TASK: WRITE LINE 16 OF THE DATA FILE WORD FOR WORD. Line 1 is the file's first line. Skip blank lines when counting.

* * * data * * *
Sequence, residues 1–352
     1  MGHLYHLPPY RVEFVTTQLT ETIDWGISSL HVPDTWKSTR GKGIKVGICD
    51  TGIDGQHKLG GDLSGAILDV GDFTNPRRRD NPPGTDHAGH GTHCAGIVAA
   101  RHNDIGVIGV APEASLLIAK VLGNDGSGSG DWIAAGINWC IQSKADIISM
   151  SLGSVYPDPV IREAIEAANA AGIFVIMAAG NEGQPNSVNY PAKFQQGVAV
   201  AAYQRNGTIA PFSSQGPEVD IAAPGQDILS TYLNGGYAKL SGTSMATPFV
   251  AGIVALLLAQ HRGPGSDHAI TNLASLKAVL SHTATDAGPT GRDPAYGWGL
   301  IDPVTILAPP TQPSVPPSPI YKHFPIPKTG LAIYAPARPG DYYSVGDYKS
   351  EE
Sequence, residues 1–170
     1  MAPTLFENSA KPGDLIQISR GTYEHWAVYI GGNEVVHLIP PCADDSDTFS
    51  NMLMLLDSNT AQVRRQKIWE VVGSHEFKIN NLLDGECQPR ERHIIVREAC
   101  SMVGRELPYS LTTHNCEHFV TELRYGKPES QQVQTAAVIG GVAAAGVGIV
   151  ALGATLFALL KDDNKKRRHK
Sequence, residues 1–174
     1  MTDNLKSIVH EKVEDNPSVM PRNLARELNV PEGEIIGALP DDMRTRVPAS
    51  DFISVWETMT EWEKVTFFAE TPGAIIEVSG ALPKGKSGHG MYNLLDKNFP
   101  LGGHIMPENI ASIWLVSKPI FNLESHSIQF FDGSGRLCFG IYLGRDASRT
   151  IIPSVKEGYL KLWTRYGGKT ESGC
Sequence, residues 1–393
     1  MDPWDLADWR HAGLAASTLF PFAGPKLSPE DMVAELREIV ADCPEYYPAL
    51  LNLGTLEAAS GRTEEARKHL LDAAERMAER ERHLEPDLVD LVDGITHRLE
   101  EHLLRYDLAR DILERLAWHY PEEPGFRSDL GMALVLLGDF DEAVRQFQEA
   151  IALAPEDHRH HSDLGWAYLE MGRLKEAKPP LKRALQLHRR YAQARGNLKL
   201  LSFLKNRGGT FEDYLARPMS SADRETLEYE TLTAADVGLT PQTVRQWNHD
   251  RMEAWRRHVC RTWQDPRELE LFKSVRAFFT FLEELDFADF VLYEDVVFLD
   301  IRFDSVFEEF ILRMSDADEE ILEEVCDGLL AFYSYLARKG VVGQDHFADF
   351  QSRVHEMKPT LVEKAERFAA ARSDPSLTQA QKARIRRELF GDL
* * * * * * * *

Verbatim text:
     1  MTDNLKSIVH EKVEDNPSVM PRNLARELNV PEGEIIGALP DDMRTRVPAS